Johnston is also known for his sense of humor — a few years ago he posed for a series of photos by his musician-filmmaker friend Nick Prendergast spoofing American Apparel ads. (One of those pictures can be seen on Johnston’s now-defunct blog — he’s continued the blog on his new site, but the photo’s only on the old site.)
Of course, Johnston is a fixture in the Fairmount area due to the highly successful vegan restaurant Spiral Diner, which he co-founded with his wife Amy McNutt. After graduating from Carter-Riverside High School, he spent some years casting about for things to do involving his interests in film and music. (He had a short-lived career as a rapper, calling himself The Dark Side. Sadly — or maybe not — there are no recordings from this part of his life.) He met McNutt through a mutual friend, and they bonded so quickly over their shared interests in veganism and film that they were married within two months.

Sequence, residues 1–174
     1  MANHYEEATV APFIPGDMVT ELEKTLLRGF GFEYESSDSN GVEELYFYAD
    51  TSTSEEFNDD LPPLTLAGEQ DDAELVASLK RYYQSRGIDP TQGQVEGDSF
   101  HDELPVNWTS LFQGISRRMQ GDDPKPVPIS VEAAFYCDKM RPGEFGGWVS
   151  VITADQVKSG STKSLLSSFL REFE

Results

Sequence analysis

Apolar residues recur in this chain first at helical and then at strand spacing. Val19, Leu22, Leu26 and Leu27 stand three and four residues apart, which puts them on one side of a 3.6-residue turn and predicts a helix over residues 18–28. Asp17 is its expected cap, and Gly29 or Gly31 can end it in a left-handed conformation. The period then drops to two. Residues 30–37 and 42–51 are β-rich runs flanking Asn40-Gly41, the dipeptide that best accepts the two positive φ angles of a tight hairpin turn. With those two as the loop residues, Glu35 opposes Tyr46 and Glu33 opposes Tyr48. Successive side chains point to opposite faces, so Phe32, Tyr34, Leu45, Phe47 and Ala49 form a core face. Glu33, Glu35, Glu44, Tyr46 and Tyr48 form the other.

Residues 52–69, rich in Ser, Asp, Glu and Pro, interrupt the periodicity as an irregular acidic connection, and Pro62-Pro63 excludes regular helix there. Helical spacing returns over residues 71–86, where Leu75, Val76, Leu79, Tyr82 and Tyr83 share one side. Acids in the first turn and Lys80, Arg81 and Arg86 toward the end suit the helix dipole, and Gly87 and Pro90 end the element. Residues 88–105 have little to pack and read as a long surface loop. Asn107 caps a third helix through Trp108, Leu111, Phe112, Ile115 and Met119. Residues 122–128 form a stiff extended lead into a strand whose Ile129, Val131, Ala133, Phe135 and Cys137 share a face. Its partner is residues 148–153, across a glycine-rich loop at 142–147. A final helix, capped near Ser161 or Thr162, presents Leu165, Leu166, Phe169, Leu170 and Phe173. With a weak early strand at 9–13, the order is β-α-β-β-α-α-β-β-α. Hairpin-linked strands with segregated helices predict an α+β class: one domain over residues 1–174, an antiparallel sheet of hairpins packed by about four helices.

A native North Texan, McNutt is a graduate of the University of Southern California’s prestigious film studies program. “Los Angeles was a culture shock in a good way, and I love it,” she said. “I just didn’t want to live there. It’s too crazy.”
The couple started the Spiral Diner in the Fort Worth Rail Market in 2000; it moved to its current location two years later. It was McNutt’s project more than Johnston’s, but he curtailed his filmmaking projects drastically to help get the restaurant off the ground. He points out, however, that the decision was a practical one. (The restaurant business can be fickle, but it’s usually a better financial bet than filmmaking.)